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Appeals court delays transgender California inmate's surgery

SACRAMENTO, Calif. -- A federal appeals court delayed sex reassignment surgery for a transgender prison inmate in California on Thursday, hours after a state panel recommended that she be paroled.

The pair of decisions makes it less likely that convicted killer Michelle-Lael Norsworthy, who has lived as a woman since the 1990s, will receive the surgery before she is released from prison.

Norsworthy, 51, had been scheduled for the surgery on July 1, but the appellate court order delays the operation while it considers her case -- a process that could take months.

In April, a U.S. district judge ordered California's corrections department to provide the surgery for Norsbury, the first time such an operation has been for an inmate in the state.

Meanwhile, the state Board of Parole Hearings has 120 days to review the commissioners' recommendation that she be freed. If it is upheld, Gov. Jerry Brown will have another 30 days to intervene.

The surgery was delayed by a three-judge panel of the 9th U.S. Circuit Court of Appeals as part of an appeal by the state Department of Corrections and Rehabilitation.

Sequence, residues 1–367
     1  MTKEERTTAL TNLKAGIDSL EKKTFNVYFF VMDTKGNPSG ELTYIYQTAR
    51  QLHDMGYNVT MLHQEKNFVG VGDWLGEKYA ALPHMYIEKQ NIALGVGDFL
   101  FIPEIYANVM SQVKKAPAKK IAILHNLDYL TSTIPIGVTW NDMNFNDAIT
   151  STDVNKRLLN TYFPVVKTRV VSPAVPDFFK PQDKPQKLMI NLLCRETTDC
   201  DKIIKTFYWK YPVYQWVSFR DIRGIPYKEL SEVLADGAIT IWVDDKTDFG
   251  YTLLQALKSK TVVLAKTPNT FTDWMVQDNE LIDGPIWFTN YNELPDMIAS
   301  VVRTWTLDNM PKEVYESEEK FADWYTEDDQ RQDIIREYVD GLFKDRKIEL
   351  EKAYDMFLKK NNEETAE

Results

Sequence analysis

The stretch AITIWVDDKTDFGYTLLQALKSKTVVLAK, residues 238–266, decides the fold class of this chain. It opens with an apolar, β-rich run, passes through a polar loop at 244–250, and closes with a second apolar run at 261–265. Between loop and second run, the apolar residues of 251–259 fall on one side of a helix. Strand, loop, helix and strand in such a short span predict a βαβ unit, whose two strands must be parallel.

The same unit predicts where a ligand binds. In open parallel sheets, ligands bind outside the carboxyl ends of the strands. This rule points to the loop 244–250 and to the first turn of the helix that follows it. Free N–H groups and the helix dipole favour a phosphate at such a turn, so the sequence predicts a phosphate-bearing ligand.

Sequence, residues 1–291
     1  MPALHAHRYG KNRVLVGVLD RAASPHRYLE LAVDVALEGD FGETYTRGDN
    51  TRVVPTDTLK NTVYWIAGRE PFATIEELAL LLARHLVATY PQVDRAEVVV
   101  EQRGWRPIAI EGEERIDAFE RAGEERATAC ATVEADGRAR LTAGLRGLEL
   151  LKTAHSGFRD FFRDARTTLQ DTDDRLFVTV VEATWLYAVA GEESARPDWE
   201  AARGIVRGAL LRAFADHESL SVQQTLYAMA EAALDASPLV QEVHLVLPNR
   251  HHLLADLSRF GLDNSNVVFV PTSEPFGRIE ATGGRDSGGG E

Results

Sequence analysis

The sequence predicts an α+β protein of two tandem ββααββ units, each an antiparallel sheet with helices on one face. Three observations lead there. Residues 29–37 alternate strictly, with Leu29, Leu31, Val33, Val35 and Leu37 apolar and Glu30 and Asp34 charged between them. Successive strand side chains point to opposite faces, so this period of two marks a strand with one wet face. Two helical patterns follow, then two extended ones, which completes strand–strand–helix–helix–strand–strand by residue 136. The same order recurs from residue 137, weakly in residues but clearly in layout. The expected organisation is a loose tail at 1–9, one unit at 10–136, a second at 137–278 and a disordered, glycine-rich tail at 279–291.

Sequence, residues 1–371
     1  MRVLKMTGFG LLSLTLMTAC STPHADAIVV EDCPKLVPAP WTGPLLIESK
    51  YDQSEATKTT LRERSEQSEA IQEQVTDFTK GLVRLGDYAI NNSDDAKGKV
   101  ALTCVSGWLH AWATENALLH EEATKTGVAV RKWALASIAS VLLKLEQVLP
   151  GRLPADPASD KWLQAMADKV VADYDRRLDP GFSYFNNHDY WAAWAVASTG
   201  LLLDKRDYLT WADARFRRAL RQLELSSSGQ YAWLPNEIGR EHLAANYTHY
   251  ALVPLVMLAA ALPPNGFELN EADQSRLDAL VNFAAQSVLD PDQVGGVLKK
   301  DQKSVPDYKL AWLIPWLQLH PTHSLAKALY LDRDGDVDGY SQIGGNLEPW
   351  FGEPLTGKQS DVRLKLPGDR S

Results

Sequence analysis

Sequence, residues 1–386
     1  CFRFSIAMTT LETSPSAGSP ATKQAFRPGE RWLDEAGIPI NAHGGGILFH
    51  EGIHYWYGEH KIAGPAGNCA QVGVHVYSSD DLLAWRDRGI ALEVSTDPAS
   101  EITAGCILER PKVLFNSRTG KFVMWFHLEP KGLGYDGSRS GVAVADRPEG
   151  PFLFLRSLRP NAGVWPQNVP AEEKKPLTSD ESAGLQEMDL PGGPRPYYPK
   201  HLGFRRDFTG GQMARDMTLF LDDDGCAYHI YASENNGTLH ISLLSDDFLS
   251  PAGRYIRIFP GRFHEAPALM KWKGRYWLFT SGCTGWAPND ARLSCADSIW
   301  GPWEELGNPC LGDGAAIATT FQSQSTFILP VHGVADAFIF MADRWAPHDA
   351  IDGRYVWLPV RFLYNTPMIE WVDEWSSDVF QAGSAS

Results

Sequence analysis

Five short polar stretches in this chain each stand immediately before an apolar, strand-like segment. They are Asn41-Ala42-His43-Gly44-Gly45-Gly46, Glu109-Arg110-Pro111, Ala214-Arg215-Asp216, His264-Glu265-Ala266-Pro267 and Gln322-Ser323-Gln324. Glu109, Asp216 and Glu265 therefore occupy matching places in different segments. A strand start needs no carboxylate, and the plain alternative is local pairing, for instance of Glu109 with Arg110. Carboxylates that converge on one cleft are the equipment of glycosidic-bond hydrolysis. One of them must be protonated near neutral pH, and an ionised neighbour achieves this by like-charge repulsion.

The panel said the case raised serious legal questions.

"Also weighing in favor of a stay here is the likelihood that, absent a stay, this litigation would become moot before receiving full appellate consideration," the appeals panel said.

It set a hearing on Norsworthy's case in August.

The stay came the same day that two parole commissioners decided that Norsworthy is no longer dangerous and should be freed after serving 28 years in prison for a second-degree murder conviction in Orange County.

Attorneys for a Massachusetts transgender inmate convicted of murder asked the U.S. Supreme Court in March to overturn a ruling denying her request for sex reassignment surgery.

A federal judge in 2012 ordered the Massachusetts Department of Correction to grant the surgery to Michelle Kosilek. The state appealed, and the ruling was overturned in December by the 1st U.S. Circuit Court of Appeals.

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